A group of doctors in Germany is calling for new reproductive health laws. They say the current legislation is outdated, as the science has moved on. They want human egg donations to be legalized and to make IVF safer.
Doctors and medical ethics experts from the German Academy of Sciences Leopoldina and the Union of German Academies of Sciences and Humanities called for a new reproductive health law in Berlin on Tuesday (June 4, 2019).
The medical experts say that every year thousands of couples who want to have children get treatment abroad because the options available to them there are currently banned in Germany.
Germany's Embryo Protection Act from 1990 forbids human egg donations.
It also forbids women to act as surrogate mothers. The same applies in 12 other European Union member states.
"German legislation limits our options," said Ulrich Hilland, chair of the Federal Association of German Centers for Reproductive Medicine, to the dpa newsagency.
Hilland says that German law is especially "repressive." He says it criminalizes things that are legal elsewhere, and that the science has shown it to be long out-of-date.
"It's inadequate," agrees Claudia Wiesemann, director of the department of Medical Ethics and History of Medicine at the University of Göttingen.
Wiesemann is part of the same working group and also Vice President of the German Ethics Council. She says the existing law is too restrictive on the protection of human eggs in vitro (outside of a woman's body).
However, those provisions can increase the risks for embryos in vivo (for the child during pregnancy) and for the pregnant woman, says Professor Wiesemann.
Here are the group's main recommendations:
To recognize childlessness as a disability and for costs to be covered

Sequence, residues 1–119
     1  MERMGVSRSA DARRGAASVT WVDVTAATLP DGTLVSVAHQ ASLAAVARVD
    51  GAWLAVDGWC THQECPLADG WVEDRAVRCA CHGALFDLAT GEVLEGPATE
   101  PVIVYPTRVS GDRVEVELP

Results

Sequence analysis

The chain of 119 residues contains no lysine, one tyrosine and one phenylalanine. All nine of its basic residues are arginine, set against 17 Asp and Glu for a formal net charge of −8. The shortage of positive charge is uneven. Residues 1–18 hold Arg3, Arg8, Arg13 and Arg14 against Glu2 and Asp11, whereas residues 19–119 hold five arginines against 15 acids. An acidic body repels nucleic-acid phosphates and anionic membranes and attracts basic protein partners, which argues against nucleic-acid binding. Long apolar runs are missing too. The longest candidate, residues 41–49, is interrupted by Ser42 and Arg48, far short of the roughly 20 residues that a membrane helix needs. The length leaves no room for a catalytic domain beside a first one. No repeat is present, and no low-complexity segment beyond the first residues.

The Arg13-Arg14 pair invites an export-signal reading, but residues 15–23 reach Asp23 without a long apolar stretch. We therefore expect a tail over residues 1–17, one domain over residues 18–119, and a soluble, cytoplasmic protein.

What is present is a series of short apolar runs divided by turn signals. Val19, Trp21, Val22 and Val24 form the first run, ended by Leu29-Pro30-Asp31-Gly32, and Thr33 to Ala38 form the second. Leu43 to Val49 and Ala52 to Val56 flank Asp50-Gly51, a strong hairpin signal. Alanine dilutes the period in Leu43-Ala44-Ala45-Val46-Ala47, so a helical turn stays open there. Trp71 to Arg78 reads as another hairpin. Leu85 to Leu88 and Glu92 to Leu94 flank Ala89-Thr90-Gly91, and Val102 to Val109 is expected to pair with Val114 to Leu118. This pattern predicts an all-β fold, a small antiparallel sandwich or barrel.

Wiesemann criticizes medical insurance companies in Germany for viewing artificial insemination as a private, lifestyle matter — rather than as a medical matter.
The group wants involuntary childlessness to qualify as a "physical disability," and that, as a result, insurance companies cover the costs of an artificial insemination.
At present, insurance companies cover about 50 percent of the costs, but only for married couples.
If couples go abroad for a human egg donation, insurance companies pay nothing.
Legalize human egg donations
Germany forbids human egg donations — but it allows sperm donations.
That means that women, who want to have an artificial insemination, are required to have their own eggs removed prior to a procedure.
One of the reasons for the ban on egg donations was a wish to protect potential donors. A female donor would have to undergo a long hormone treatment. And there are risks during the operation, which takes place under anesthesia.
It is said that legislators also wanted to hinder a commercialization of human egg donations. Wiesemann points to England, where, she says, a commercialization in egg donations has been successfully prevented.
She also says there are fewer health risks for donors today. The ethics expert says it's more a question of justice and enabling infertile women, who are unable to produce their own eggs, to get pregnant.
The average birthrate through artificial insemination (according to German statistics) is relatively low at about 15 to 20 percent.
So doctors in Germany often implant two to three embryos at the same time to raise the likelihood of a successful pregnancy.
But that can also lead to higher rates of twins — in about one in every five cases. And twin pregnancies can carry greater risks for both the babies and their mothers. Many people take the risk if they've experienced a failed IVF or artificial insemination with just one or two embryos, so as to avoid spiraling costs.
In their recommendations, the medical experts say it's imperative to choose just one embryo — the one with the best chances of developing healthily. The process for that is called Elective Single Embryo Transfer.
Equal rights for human egg and pronuclei donations
While human egg donations remain illegal in Germany, infertile women are allowed to have pre-fertilized embryos from other women implanted.
Those embryos are a by-product of artificial insemination, because doctors tend to fertilize more eggs with sperm than those that can later be implanted into the woman's uterus.
When sperm enters an egg, it produces a pronuclei. And when that happens, doctors select the eggs with the best chances of developing into embryos.
Unused pronuclei are either destroyed, or frozen so that they can be used later. But as the law stands, it's forbidden to donate those pronuclei to other women — as opposed to the unused embryos.
And it's here that the medical working group would like to see embryos and pronuclei on an equal footing.